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US retailer becomes first to offer ‘plug-and-play’ solar panels

solar-panel2The US-based home improvement chain Lowe’s has begun offering a “one-stop shop” for energy management in 21 of its California stores, and has also become the first major retailer in the country to start offering grid-connected solar panels that can be installed by homeowners.

Lowe’s says it will expand the new services to other stores in the US and Canada next year.

The 21 new Energy Centres in California focus on three areas for saving energy and money:

  • Measuring energy use or waste with power monitors and other devices;
  • Reducing energy consumption with compact fluorescent light bulbs and other products; and
  • Generating and using renewable energy with solar panels.

An information kiosk with a touch-screen display will also be placed in each centre to help customers evaluate their energy needs.

“Homeowners are paying more attention than ever to their utility bills, and the first step to saving energy is tracking where it’s going,” said Nick Canter, Lowe’s executive vice president of merchandising. “By providing monitoring tools to help customers know their numbers, Lowe’s is helping them find the money-saving solution that’s right for them.”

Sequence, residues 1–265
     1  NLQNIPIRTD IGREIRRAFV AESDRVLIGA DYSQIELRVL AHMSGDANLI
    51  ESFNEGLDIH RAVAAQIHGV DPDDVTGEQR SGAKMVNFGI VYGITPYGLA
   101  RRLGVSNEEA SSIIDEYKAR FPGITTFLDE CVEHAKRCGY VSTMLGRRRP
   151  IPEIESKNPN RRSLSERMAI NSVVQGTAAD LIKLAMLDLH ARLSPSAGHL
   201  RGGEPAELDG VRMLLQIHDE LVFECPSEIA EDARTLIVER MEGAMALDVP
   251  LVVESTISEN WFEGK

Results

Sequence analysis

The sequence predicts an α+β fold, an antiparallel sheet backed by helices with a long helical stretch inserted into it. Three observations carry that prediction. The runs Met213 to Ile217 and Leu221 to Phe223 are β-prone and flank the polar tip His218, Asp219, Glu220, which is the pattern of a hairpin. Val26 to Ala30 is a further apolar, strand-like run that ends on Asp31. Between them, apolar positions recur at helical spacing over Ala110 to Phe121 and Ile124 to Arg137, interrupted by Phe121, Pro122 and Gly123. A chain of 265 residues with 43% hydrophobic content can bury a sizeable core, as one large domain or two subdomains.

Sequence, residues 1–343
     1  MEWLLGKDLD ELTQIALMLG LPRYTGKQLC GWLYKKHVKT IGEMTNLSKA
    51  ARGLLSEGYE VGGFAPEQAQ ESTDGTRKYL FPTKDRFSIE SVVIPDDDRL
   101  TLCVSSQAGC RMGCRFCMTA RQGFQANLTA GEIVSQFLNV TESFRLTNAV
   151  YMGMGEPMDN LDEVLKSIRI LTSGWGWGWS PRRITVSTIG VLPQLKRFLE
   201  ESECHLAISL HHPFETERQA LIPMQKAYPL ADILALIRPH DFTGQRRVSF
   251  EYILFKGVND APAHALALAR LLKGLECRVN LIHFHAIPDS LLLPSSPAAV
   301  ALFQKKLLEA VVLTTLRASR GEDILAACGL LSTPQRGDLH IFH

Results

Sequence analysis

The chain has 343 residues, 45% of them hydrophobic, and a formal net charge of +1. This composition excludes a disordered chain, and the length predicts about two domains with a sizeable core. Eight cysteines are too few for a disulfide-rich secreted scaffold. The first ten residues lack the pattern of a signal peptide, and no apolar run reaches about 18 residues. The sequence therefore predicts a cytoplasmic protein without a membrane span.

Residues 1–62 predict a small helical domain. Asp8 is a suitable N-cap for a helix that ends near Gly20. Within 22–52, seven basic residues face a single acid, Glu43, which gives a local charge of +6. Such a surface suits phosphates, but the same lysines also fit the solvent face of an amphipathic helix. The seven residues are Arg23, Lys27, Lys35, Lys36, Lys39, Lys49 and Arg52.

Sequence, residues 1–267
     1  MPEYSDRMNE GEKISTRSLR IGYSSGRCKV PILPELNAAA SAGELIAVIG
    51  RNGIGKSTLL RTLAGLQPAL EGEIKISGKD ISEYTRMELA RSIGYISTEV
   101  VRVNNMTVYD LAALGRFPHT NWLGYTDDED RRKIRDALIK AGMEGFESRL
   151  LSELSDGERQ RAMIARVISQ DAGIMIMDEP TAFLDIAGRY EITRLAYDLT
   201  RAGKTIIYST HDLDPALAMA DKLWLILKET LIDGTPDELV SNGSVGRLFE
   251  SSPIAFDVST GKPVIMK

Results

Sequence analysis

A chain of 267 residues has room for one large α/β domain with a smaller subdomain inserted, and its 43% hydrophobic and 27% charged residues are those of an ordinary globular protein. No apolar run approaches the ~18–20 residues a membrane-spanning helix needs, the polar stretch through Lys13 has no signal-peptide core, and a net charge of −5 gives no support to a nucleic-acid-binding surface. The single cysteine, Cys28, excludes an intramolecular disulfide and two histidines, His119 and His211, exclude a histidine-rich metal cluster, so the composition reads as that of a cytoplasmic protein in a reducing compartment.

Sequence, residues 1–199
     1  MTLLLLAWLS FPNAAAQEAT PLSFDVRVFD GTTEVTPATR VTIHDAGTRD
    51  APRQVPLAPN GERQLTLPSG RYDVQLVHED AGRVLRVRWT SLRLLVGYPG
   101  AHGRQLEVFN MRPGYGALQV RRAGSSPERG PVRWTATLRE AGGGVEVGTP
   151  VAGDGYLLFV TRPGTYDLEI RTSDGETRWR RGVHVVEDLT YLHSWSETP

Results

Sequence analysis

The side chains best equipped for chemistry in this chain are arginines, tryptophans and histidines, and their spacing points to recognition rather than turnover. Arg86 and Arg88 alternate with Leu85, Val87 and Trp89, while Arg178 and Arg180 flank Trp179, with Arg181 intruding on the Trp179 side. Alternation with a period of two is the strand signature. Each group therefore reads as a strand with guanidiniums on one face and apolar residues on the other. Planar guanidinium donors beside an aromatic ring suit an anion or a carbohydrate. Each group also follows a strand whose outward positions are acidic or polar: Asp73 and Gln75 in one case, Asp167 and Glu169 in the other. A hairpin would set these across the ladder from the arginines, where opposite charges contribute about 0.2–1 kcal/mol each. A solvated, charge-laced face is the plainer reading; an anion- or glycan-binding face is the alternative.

As part of the new initiative, stores in California will also begin offering solar panels from Akeena Solar. The Andalay AC Solar Power System, which won one of Popular Mechanics’ 2009 Breakthrough Product Awards, has built-in inverters to produce standard household AC power, so homeowners don’t have to worry about high-voltage DC wiring. The racking, wiring and electrical grounding components are also integrated into the solar panels, which can be installed one at a time and added onto later.

The system retails for $893 per panel.

“The PC revolution in the computer industry occurred when new technology made PCs easy to use and affordable,” said Barry Cinnamon, CEO of Akeena Solar. “Likewise, with panels becoming plug-and-play appliances, the solar revolution has started.”

He added, “Buying panels off the shelf at Lowe’s offers solar options to homeowners that they didn’t have. Homeowners now can get a system as small as one panel.”

Lowe’s also soon plans to begin offering utility-connected wind turbines by special order. Two types will be available: a 10,000-watt turbine on a 100-foot tower that’s suitable for rural homes, farms and small businesses; and a 1,000-watt, 7-foot-diametre turbine that can be mounted to a rooftop or pole at various heights.

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